Cat owners in Western Australia have just two weeks to sterilise, microchip and register their animals before new feline control laws come into effect on November 1.
The requirements apply to all domestic cats aged six months and over.
Anyone not complying can be fined as much as $5000, while cats impounded for "offending behaviour" could be destroyed after seven days if their owners cannot be identified.
Cats must be registered with local governments, with certificates proving the animal has been sterilised and microchipped.
The standard registration fees range from $20 for one year to $100 for a cat's lifetime. Pensioners get a 50 per cent discount.
A registration tag must be on the cat's collar when it is in public.
In the City of Perth, registration applications are already being accepted, but some other councils aren't as well organised and don't provide forms on their websites.
That means owners need to contact their council in person.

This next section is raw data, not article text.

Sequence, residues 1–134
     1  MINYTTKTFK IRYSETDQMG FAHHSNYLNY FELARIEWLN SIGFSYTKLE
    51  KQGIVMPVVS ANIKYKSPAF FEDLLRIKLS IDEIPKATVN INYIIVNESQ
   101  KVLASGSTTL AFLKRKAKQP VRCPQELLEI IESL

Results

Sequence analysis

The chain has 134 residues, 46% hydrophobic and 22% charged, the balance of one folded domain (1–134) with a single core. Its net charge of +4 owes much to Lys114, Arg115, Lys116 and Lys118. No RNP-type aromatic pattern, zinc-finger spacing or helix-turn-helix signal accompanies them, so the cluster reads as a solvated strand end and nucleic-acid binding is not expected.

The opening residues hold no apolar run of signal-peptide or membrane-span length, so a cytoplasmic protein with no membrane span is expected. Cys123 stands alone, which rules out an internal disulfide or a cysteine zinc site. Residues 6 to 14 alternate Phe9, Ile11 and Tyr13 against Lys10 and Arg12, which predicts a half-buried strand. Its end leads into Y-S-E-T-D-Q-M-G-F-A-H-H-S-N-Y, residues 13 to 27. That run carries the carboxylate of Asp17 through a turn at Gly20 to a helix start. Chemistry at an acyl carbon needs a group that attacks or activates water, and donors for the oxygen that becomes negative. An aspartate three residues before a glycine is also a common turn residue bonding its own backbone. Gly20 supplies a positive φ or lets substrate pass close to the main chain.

When the Cat Act passed in the state parliament in late 2011, then-local government minister John Castrilli gave examples of offending moggy behaviour as threatening wildlife or being a nuisance by damaging property.
He said rangers would "use their discretion" in instances where, for instance, a neighbour has complained because a cat has used their garden as a latrine.
While 93 per cent of cat owners did the right thing, he said, local governments needed power to deal with irresponsible owners such as cat hoarders and with wild cats.
Cat Haven general manager Roz Robinson said she hoped the laws would lead to a reduction in unwanted kittens and cats being brought to the shelter.
"Every year we see a huge number of unwanted kittens being surrendered to us," she said.
The Cat Haven received more than 8000 unwanted or lost cats last year, with about 3000 being destroyed and only 116 reclaimed by owners.The Shenton Park facility offers a subsidised sterilisation and microchipping program to help pensioners and low-income earners.